Also i use my bar for a google smart search, for instance, i used to type in “java hashtable” to go directly to the java docs page. Is the search feature still there?
    I need this search feature more than any thing else.

    I Do not hurt the web.. :-)

  15. Stennie Says:
    April 23rd, 2008 at 8:49 am

    I get the feeling that Billy doesn’t use a dresser with drawers, he just simply throws all of his clothes into one large basket and claims superiority to his method.

  16. Jason Says:
    April 23rd, 2008 at 12:07 pm

    Tell Microsoft and Apple to start the photocopiers.

  17. Jason Says:
    April 23rd, 2008 at 1:07 pm

    Tell Microsoft and Apple to start the photocopiers.

  18. Jean Azzopardi Says:
    April 23rd, 2008 at 2:08 pm

    Been using it a bit..lovely feature. I wouldn’t call it life changing but it does making searching bookmarks that much easier! 9/10 for this new release overall!

  19. Robin Says:
    April 23rd, 2008 at 3:19 pm

    I love the idea… hate the name. Is there a less lame term for the “awesomebar”? How about the “navtasticbar” or the “BarEssentials”?

    “AwesomeBar” sounds like something that should have nougat in it.

  20. Robin Says:
    April 23rd, 2008 at 4:19 pm

    I love the idea… hate the name. Is there a less lame term for the “awesomebar”? How about the “navtasticbar” or the “BarEssentials”?

    “AwesomeBar” sounds like something that should have nougat in it.

  21. mawrya Says:
    April 23rd, 2008 at 7:14 pm

    It would be interesting, no Awesome, to see if there is a noticeable dip in traffic to Google after Firefox 3 and the Awesome Bar are released.

  22. mawrya Says:
    April 23rd, 2008 at 8:14 pm

    It would be interesting, no Awesome, to see if there is a noticeable dip in traffic to Google after Firefox 3 and the Awesome Bar are released.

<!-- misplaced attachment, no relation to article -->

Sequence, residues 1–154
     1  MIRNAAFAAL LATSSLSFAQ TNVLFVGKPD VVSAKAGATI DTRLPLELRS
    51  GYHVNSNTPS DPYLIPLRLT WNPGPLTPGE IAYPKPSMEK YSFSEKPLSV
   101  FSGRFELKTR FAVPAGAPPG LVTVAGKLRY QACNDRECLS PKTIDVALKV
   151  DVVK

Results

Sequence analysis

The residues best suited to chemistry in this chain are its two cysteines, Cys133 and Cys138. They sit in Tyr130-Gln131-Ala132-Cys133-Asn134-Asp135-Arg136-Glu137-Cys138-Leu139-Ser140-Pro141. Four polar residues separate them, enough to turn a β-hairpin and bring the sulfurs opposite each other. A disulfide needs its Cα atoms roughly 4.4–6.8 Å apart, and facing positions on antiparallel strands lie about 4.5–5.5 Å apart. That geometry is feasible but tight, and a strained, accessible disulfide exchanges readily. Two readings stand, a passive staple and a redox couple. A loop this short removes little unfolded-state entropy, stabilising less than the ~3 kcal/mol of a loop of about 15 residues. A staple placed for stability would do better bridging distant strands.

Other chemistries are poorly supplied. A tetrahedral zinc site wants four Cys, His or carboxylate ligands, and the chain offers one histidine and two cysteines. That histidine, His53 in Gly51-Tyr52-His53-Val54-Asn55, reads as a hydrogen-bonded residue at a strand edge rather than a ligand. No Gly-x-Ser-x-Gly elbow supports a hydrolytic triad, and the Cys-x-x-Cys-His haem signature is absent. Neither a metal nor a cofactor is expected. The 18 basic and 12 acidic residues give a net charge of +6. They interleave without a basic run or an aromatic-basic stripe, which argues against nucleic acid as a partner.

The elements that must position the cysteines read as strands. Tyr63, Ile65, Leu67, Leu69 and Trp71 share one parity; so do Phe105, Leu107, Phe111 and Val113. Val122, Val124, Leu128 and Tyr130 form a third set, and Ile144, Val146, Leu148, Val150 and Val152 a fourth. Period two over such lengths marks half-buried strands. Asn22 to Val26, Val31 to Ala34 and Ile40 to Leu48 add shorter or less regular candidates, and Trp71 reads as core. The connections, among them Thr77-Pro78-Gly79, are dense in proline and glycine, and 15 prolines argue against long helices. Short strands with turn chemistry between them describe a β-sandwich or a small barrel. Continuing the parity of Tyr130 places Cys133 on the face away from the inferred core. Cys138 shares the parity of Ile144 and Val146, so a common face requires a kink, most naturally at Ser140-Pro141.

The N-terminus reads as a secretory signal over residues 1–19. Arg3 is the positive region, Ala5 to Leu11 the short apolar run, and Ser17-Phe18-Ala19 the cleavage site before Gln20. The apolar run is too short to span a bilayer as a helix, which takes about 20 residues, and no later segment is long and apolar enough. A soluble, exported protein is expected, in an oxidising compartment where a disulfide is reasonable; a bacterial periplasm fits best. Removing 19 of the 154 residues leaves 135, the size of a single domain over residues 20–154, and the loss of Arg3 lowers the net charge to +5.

23. M Says:
    April 24th, 2008 at 3:42 am

    Well by default it’s only holding your history for 90 days, so it won’t find stuff “from the last year” unless you have actually book marked it. At which point if you have book marked it, FF can find it forever.

    You can easily set your “Keep History” to 365 days I assume, Lord only knows how much space that’ll take up though.

    Great run down all the same.

    M

    ps I love Carrot cake.

  24. Byron McCollum Says:
    May 6th, 2008 at 5:54 pm

    The “AwesomeBar” has an amazing amount of noise. Tone down some of the colors, you’re killing me…

  25. Jonah Dempcy Says:
    May 16th, 2008 at 1:57 pm

    One more reason to love Firefox 3. I’ve been Fx3 Beta for a few months now but I still do a large amount of browsing and 100% of development on Firefox 2. Why? Because I can’t figure out how to override extension max version checking in Fx3. If you can help me, I’d be grateful. :)

    I can’t live without extensions like Firebug, the Web Developer Toolbar and a handful of other extensions that facilitate web development. I tried overriding max version checking by adding a flag to the internal preferences, following a tutorial for how to do it in Firefox 2, but it didn’t seem to work. Maybe the property name in the prefs has changed?

  26. Cooner750 Says:
    May 25th, 2008 at 5:05 am

    @Jonah Dempcy:
    Save the extension, rename it so it has a .zip extension instead of .xpi, extract it, open the install.rdf file in a text editor and change the Max Version property for Firefox to 3.0 (if you’re using RC1) or 3.0b5 (if you’re using Beta 5). Compress those same files back into a zip archive, rename it back to XPI, then drag and drop it into an open Firefox window.

    Beware of unexpected results when doing this, as many extensions that haven’t been updated to at least be compatible with 3.0 Alpha won’t work at all.

  27. Johnz Says:
    June 12th, 2008 at 7:18 pm

    Sign, I can see how this can be really helpful. HOWEVER….there are some of use who bookmark items that we consider to be private. In other words, when I’m typing in digg.com…I don’t want Firefox to begin displaying my bookmarks that happen to have the word d@ck in them (think porn). Will there be an option to turn this feature off?

  28. W. B. Mook Says:
    June 16th, 2008 at 5:49 pm

    Weirdly, IE 5.whatever for the Mac had a behavior like this (not the icon or the two lines, but the “matches against the page title” and I hung onto that browser for ages longer than I should have, just because it did. I’ve always been somewhat astonished that the feature hasn’t cropped up in one of the living browsers since then.

  29. Nilo Says:
    June 17th, 2008 at 9:15 am

    Johnz is absolutely right. Blaring the titles of previously visited web pages in BIG BOLD LETTERS is a major violation of privacy.